What is the role of chest radiography in the workup of severe combined immunodeficiency (SCID)?

Updated: Apr 28, 2021
  • Author: Robert A Schwartz, MD, MPH; Chief Editor: Harumi Jyonouchi, MD  more...
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Answer

Chest radiographs in classic SCID show a small or absent thymus. However, infants who are immunologically normal may have no visible thymus if they have an overwhelming infection, such as sepsis or meningitis. Other T-cell defects, especially DiGeorge syndrome, also lack thymic tissue. Presence of thymic tissue does not exclude SCID. Patients with SCID who have mutations in ZAP70 or CD3 typically have normal-sized thymuses.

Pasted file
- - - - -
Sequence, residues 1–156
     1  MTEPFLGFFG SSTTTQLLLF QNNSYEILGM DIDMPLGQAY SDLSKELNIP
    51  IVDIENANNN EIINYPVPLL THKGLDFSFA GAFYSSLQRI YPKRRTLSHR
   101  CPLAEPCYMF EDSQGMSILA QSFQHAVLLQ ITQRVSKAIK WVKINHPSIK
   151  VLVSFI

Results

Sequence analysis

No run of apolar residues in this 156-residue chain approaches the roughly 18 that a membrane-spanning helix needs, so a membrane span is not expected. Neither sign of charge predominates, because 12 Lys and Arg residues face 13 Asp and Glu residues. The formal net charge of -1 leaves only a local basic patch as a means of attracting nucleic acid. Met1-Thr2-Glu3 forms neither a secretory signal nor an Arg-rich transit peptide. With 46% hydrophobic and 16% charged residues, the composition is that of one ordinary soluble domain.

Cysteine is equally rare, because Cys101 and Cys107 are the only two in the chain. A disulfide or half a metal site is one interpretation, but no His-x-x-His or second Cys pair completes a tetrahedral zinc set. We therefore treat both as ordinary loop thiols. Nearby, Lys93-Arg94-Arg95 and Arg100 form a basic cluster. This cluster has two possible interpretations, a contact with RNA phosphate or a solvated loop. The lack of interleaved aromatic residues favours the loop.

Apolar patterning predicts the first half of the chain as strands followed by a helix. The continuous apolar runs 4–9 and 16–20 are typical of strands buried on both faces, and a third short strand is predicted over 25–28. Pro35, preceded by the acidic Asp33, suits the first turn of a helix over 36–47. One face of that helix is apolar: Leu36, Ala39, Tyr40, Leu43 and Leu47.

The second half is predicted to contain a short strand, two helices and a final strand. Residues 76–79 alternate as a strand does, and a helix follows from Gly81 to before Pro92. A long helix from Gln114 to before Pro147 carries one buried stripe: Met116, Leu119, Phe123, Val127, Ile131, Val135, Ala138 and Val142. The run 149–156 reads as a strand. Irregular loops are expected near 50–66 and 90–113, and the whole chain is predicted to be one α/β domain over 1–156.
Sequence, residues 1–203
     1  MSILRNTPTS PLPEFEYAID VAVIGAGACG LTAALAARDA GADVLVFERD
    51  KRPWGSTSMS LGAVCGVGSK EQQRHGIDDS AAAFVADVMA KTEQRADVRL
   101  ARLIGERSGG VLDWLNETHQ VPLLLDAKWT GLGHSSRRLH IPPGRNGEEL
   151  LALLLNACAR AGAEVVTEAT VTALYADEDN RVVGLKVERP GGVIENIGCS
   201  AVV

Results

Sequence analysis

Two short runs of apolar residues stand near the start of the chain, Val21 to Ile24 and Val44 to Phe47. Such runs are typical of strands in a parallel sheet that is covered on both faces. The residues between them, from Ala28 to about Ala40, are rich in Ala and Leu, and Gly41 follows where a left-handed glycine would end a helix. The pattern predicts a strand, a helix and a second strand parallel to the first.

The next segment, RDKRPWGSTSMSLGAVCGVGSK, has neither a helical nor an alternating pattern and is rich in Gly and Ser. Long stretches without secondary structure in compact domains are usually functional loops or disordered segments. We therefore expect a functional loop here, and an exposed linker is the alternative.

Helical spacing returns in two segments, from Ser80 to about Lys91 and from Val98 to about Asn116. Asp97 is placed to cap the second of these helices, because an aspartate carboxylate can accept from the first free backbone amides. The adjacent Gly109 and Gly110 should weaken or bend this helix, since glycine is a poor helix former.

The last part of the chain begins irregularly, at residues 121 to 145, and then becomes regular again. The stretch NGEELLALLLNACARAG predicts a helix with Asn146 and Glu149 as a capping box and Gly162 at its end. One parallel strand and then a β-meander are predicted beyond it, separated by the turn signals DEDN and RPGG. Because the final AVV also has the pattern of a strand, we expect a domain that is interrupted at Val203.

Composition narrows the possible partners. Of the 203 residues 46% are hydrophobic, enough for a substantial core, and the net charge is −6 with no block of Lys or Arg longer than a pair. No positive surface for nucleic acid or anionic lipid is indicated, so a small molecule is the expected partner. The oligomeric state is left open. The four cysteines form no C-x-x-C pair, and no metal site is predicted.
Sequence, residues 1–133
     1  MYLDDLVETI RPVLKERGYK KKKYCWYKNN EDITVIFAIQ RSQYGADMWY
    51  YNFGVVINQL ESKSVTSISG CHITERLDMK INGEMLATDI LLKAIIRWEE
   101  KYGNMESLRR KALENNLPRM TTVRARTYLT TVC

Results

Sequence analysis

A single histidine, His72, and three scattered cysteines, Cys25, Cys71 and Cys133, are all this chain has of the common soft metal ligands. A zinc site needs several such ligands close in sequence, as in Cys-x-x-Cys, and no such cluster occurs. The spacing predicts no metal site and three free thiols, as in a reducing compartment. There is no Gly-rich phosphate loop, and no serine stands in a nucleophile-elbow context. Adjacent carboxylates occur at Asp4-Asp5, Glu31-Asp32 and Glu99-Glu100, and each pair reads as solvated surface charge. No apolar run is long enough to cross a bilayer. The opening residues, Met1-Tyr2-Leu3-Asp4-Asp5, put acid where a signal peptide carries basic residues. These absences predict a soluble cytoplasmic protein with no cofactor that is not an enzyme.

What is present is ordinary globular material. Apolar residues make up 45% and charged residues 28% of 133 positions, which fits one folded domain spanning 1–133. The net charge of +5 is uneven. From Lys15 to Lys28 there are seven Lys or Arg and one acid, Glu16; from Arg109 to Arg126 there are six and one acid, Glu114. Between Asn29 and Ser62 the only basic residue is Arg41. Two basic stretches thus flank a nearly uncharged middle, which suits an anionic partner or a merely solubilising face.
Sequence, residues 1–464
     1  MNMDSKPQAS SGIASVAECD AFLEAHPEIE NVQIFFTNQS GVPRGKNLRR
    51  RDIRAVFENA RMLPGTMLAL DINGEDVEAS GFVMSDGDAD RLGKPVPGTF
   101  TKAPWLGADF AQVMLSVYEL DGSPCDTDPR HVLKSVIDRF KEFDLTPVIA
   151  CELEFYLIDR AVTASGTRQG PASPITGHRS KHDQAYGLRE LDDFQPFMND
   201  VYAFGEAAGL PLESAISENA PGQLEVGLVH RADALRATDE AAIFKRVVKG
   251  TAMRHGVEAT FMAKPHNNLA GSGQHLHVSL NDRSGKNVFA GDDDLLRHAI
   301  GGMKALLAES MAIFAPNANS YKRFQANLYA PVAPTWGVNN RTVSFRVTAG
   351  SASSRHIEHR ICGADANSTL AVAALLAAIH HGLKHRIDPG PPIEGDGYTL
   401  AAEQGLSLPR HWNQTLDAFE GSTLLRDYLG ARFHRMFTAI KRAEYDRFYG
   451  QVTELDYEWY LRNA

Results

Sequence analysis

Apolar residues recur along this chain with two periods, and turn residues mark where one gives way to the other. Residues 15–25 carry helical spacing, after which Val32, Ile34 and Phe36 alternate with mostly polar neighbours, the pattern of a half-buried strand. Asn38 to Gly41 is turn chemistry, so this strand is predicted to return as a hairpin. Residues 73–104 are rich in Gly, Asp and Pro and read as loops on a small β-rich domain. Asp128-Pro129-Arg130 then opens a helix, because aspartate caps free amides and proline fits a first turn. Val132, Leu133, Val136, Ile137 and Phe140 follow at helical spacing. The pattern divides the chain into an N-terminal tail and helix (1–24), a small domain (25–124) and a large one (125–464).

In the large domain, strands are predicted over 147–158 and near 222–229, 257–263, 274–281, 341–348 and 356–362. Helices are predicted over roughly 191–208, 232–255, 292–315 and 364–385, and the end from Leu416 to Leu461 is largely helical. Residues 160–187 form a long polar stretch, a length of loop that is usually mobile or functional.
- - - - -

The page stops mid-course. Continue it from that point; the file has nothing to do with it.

Chest radiographs are essential for early recognition of pneumonitis caused by viral pathogens and P jiroveci.

Patients with ADA deficiency and cartilage-hair hypoplasia may have bony abnormalities observed in the ribs and vertebrae on chest radiography. In ADA deficiency, chest radiographs show typical cupping and flaring of the costochondral junction.


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